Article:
Until the Economic and Organised Crime Office (EOCO) seized a large consignment of fake medicinal drugs and expired biscuits a few days ago, some persons ignorantly regarded it as only chasing those who steal from state coffers.
They do not only chase bad politicians but ensure that we live healthy lives, which is why they pursued an Indian company just so they do not release bad stuff on the local market and imperil the lives of unsuspecting Ghanaians.
The phenomenon of fake drugs and foods on the Ghanaian market has assumed a scary dimension.
The statistics of persons suffering from various organ ailments, especially kidney occasioned by their exposure to dangerous drugs is unknown to us- the knowledge known only to medical practitioners.
We do know however that many of the cases of renal ailments were caused somewhat by the inordinate use of untested herbal drugs.
It is also a fact that the commercials related to locally produced yet untested medicinal drugs are aggressive and uncontrolled.
With a rising number of persons patronizing these drugs, especially aphrodisiacs more victims could be claimed by the abuse of these untested drugs and expired drugs.
In the area of medicinal drugs we are unable to tell why there is such a relative ease in obtaining these drugs and selling same in most neighbourhoods, especially in the slum parts of our urban centres.
As for what transpires in the rural areas where many residents abuse drugs the repercussions can best be imagined.
The number of persons, who suffer from the negative effects of such abuse, is enormous and were these known to patrons of these perhaps they would have had a rethink about the killer obsessions.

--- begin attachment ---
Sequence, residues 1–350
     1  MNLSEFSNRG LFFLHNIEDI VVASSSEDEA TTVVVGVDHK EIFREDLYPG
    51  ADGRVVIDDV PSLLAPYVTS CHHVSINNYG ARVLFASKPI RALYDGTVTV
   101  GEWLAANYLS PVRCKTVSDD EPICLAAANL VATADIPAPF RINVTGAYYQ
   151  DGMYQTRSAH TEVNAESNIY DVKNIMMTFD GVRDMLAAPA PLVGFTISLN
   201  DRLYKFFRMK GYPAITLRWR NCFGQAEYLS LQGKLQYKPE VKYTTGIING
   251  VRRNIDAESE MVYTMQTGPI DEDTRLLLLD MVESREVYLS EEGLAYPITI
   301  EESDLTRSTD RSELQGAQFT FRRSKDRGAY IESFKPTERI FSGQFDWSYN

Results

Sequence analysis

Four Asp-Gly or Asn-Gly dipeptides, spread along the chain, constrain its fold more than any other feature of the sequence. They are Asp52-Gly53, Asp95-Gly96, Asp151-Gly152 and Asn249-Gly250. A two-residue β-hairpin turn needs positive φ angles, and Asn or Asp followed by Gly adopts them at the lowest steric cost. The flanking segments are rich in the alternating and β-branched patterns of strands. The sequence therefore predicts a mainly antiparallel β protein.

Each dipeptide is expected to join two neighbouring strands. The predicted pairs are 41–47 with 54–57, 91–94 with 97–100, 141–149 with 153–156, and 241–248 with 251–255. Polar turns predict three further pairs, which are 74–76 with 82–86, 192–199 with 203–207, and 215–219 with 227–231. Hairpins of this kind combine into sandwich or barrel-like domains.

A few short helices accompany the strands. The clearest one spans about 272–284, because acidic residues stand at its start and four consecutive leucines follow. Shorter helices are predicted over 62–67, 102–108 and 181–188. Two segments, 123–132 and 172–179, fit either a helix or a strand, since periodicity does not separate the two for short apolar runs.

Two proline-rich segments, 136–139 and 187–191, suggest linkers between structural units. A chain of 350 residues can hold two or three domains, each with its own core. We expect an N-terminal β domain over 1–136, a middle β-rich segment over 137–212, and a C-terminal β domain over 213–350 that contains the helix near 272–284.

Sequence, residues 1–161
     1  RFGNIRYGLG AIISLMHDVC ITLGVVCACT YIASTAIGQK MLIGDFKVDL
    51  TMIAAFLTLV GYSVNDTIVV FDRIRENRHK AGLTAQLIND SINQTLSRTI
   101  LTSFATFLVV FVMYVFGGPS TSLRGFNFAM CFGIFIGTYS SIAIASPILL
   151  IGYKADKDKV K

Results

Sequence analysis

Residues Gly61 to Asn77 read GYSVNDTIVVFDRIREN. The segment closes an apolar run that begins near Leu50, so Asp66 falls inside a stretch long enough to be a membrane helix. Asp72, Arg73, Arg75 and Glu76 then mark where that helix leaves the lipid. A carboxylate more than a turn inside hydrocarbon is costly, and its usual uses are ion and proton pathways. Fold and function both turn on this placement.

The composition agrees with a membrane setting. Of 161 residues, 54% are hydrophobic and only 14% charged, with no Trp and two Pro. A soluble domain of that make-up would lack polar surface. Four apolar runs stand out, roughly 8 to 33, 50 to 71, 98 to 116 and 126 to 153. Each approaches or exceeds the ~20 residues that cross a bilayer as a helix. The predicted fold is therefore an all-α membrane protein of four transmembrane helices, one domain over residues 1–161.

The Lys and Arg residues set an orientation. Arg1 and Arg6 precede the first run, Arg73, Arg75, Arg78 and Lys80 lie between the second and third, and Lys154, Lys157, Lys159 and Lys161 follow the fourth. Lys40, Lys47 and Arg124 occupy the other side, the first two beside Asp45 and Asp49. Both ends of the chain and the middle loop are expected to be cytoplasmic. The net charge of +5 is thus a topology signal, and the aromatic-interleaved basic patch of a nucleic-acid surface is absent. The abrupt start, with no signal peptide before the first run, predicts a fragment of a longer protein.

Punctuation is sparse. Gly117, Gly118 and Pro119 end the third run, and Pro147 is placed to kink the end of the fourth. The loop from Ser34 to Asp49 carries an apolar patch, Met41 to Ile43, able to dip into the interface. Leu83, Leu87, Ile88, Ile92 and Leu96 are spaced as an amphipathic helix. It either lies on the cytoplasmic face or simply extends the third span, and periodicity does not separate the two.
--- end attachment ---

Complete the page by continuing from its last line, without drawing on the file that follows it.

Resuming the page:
We think that apart from their police role in ensuring that bad medicinal drugs do not find their way into the markets, the Food and Drugs Authority (FDA) should include the education of the public about the dangers associated with patronizing fake drugs.
Members of the public should be taught the importance of purchasing drugs from accredited pharmaceutical shops and not the many chemists littering the neighbourhoods.
When the people understand the dangers associated with drug abuse and the possibility that the medicines they purchase are fake and can kill rather treat them, the incidence of patronizing these drugs would abate drastically.
The foregone has so far not received the necessary attention, one of the factors responsible for the ignorant use of drugs.
Antibiotics for instance need the most education.
They have been so abused that it is possible to buy Tetracycline at the major lorry stations where they are sold like groundnuts.
Little wonder individuals buy them when they have diarrheal symptoms. A course is not taken but just two or so capsules to manage perhaps signs of a hidden disease requiring the attention of a physician.